Camp Scurry (1916-1919) - A U.S. Army World War I National Guard Mobilization and Training Camp first established in 1916 in Corpus Christi, Nueces County, Texas. Initially called Camp Alta Vista, it was almost immediately renamed Camp Scurry after Gen. Thomas Scurry, former commander of the Texas Brigade. The post was abandoned in 1919.
In connection with the Mexican Punitive Expedition of 1916, President Wilson had ordered Texas National Guard units to the Mexican border, but with the calming of tensions there, the Second and Third Infantry Regiments of the Guard were ordered to move some distance back from the border, to Corpus Christi, along with the headquarters of the Sixth ("Texas") Brigade. The city of Corpus Christi prepared a 200-acre site at its own expense: an area bounded by Buford, Santa Fe, Louisiana and Ocean Drive. In a single week, the camp sprang up, with shell roads, screened tents, wooden mess halls, and full utilities, and was ready to accommodate 3500 soldiers.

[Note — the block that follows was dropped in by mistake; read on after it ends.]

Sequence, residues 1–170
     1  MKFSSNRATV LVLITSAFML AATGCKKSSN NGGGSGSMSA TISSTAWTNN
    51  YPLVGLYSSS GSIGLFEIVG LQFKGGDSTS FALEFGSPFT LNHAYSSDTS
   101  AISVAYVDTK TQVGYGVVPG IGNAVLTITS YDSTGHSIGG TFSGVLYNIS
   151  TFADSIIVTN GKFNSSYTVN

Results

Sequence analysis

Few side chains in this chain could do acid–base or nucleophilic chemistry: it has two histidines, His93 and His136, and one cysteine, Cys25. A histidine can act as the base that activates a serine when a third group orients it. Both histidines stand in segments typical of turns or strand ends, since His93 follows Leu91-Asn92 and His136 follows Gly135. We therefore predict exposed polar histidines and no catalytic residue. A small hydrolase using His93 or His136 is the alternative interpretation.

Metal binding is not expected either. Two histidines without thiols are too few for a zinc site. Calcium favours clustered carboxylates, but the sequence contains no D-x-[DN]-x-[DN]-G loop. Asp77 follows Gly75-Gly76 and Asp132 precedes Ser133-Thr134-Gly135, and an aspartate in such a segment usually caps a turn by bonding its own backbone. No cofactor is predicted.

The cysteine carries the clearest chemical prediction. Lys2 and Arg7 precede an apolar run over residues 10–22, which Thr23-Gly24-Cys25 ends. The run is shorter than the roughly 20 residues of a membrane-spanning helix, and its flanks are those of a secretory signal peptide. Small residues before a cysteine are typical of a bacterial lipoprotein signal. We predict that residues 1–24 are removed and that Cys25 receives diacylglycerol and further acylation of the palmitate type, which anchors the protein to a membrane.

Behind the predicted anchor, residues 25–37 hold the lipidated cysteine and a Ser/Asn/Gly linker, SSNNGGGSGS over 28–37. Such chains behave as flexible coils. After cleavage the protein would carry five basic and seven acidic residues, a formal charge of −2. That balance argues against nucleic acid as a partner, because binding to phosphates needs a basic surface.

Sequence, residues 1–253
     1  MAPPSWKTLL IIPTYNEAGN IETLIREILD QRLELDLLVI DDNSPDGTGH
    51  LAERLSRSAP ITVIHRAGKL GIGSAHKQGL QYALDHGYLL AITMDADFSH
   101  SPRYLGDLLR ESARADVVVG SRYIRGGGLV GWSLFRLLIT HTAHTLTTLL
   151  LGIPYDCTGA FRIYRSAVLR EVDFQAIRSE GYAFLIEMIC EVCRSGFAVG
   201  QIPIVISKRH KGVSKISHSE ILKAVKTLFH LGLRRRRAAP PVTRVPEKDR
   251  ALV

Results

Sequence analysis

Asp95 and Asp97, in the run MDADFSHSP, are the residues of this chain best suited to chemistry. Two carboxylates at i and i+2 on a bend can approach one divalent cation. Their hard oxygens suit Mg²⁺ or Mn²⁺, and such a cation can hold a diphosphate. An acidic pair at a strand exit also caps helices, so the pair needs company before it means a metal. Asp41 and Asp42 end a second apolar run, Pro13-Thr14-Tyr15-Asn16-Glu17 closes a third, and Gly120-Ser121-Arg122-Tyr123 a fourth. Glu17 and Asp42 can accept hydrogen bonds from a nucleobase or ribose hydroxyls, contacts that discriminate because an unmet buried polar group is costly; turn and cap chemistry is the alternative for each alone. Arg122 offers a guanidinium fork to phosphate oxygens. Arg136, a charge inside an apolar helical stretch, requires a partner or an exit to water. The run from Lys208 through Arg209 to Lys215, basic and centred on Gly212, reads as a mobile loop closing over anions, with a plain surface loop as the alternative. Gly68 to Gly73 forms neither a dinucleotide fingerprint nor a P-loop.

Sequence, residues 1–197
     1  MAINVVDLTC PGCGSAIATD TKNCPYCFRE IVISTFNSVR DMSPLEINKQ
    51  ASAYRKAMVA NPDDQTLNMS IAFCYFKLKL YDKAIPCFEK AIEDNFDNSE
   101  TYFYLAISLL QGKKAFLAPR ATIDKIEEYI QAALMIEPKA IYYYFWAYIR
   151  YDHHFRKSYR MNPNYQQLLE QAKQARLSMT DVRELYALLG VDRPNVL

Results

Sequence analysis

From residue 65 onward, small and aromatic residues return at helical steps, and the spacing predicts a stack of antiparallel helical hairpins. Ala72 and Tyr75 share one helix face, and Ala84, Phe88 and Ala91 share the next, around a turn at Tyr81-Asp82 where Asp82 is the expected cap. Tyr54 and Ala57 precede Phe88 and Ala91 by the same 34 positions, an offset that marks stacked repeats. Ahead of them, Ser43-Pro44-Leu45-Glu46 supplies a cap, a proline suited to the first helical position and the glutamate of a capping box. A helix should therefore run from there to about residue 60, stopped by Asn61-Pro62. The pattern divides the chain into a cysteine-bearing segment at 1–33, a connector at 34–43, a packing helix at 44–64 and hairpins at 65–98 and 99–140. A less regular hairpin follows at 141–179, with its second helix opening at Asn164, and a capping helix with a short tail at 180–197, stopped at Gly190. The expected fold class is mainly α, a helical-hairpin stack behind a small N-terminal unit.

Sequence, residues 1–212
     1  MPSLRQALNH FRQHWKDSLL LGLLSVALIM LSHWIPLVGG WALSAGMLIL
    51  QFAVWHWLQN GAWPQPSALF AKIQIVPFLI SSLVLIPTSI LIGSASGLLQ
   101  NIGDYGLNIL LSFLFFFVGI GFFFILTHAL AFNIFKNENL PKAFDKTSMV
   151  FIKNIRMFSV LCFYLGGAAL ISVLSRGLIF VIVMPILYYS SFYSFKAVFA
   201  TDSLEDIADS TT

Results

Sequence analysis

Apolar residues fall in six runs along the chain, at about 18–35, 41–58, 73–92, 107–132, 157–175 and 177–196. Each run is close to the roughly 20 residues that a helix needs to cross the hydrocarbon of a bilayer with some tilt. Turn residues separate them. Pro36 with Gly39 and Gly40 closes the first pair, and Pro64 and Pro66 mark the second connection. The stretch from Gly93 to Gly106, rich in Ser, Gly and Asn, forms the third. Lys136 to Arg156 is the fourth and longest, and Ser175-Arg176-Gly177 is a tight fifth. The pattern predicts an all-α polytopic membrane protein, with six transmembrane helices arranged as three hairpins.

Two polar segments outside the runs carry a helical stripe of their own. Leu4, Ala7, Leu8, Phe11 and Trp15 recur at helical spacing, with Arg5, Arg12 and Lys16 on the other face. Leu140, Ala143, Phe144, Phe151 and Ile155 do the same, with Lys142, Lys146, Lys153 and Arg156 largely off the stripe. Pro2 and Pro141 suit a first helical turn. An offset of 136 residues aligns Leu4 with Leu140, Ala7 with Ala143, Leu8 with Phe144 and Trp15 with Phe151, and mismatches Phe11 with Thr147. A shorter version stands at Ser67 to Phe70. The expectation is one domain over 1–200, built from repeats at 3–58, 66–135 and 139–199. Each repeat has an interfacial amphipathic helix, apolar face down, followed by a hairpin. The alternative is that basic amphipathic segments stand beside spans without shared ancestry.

The first arrival was the 3d Infantry on Sept. 7, 1916, followed the next day by the 2d Infantry. The camp was commanded by Brig. Gen. John Hulen. By March 1917 the border had been quiet for nearly a year, and the camp was ordered closed, the 2d and 3d Regiments were demobilized, and the camp was in the process of being dismantled when the United States entered World War I. The Camp was reactivated as a training base for the 4th Field Artillery Regiment and the 5th Engineer Battalion. It was closed in 1919.